Delivering Destruction: American Firepower and Amphibious Assault from Tarawa to Iwo Jima (Hardcover)

Delivering Destruction: American Firepower and Amphibious Assault from Tarawa to Iwo Jima By Christopher Kyle Hemler, Allan R. Millett (Foreword by) Cover Image

Delivering Destruction: American Firepower and Amphibious Assault from Tarawa to Iwo Jima (Hardcover)

$34.95


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Existing literature maintains that the U.S. Marine Corps' operational success in the Pacific War rested upon two dominant themes: committed theoretical preparation and courageous battlefield action. Put simply, the Marines wrestled with the conceptual challenges of the amphibious assault in the 1920s and 1930s and developed the tools and methods necessary to seize a hostile beach. When Japanese forces attacked at Pearl Harbor in 1941, the Corps sent its brave and spirited infantrymen to advance across the enemy-held islands of the South and Central Pacific. But the full story runs much deeper. Though this conventional narrative captures essential elements of the U.S. Navy and Marine Corps' triumph, it fails to account for substantial interwar deficiencies in fire control and coordination, as well as the critical wartime development of those capabilities between 1942 and 1945.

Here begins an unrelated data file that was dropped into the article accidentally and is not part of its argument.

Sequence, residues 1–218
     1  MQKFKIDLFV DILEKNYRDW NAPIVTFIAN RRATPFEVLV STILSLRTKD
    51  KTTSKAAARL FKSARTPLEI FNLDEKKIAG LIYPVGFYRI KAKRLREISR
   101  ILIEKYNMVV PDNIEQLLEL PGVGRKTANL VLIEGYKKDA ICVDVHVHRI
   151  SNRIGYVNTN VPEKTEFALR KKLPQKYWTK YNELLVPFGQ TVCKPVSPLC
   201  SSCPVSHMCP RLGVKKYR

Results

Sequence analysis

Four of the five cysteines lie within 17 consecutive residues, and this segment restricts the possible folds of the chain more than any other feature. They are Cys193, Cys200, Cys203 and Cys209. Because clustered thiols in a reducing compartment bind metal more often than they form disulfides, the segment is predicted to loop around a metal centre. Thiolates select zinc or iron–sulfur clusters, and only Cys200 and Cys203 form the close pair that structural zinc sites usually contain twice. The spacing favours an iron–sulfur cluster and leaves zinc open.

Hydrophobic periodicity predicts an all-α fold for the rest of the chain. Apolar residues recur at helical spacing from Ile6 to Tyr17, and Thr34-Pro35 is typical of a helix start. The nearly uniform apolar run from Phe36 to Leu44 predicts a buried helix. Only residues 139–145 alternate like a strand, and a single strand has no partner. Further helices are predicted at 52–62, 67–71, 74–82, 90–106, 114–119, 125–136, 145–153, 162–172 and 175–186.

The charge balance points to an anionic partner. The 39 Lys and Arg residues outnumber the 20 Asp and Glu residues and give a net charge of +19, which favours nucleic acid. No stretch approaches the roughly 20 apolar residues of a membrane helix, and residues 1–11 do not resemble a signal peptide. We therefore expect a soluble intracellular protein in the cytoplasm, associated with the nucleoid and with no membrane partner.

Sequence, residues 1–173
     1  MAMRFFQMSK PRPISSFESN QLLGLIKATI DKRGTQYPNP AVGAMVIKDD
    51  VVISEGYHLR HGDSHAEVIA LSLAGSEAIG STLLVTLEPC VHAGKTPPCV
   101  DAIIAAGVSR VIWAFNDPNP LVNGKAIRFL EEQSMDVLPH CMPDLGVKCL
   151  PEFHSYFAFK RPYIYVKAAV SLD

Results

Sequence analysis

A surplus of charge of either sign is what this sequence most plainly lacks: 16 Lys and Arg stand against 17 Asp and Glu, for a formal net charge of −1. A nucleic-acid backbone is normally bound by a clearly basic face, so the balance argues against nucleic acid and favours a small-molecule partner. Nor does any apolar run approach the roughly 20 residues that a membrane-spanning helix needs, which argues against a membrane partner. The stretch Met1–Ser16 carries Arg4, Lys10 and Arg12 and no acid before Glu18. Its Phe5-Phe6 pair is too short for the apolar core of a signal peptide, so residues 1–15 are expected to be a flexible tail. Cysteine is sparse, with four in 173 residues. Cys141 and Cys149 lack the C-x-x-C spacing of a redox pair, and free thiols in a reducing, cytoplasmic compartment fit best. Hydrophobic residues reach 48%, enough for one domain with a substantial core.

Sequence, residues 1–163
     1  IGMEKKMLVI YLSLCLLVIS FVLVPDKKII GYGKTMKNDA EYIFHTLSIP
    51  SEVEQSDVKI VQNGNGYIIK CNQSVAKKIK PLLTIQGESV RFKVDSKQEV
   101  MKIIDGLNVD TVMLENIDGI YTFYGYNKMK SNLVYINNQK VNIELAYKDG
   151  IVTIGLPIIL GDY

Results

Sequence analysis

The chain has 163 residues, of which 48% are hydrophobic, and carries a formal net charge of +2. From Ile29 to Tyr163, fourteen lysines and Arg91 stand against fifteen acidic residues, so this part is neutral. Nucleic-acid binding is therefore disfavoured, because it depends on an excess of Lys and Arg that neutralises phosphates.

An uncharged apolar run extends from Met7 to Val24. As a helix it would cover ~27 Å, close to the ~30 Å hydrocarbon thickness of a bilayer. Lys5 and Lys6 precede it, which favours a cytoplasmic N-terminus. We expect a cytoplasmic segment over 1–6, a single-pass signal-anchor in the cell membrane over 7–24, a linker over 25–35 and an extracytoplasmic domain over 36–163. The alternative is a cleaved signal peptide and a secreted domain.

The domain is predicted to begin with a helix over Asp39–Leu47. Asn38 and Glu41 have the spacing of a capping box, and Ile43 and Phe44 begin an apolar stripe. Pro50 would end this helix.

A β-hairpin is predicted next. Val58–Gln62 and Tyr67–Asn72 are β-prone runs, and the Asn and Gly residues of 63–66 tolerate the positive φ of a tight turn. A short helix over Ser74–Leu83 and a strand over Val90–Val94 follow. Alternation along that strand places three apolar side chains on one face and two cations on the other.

Delivering Destruction is the first detailed study of American triphibious (land, sea, and air) firepower coordination in the Pacific War. In describing the Amphibious Corps' development of fire coordination teams and tactics in the Central Pacific, Hemler underlines the importance of wartime adaptation, battlefield coordination, and the primacy of the human element in naval combat. He reveals the untold story of American fire control and coordination teams in the Central Pacific. Through "bottom-up" adaptation and innovation, American troops and officers worked out practical solutions in the field, learning to effectively apply and integrate air and naval support during a contested amphibious assault. The Americans' ability to mount tremendous, synchronized firepower at the beachhead-a capability established through three years of grueling wartime adaptation-allowed the U.S. Navy and Marine Corps to seize any fortified Japanese island of its choice by 1945. -Despite advancing technology and expanding "domains" of warfare, combat remains a deeply interactive, human endeavor.
Chris Hemler spent ten years on active duty in the U.S. Marine Corps, holding posts with the 24th Marine Expeditionary Unit, 2d Marine Aircraft Wing, and U.S. Naval Academy Marine Detachment. In 2019, he was awarded the General Lemuel Shepherd Memorial Dissertation Fellowship and Rear Admiral Samuel Eliot Morison Scholarship. He holds a PhD in Military History from Texas A&M University and currently serves as a Principal Advisor with Frontier Design Group.
Product Details ISBN: 9781682471340
ISBN-10: 1682471349
Publisher: US Naval Institute Press
Publication Date: October 15th, 2023
Pages: 256
Language: English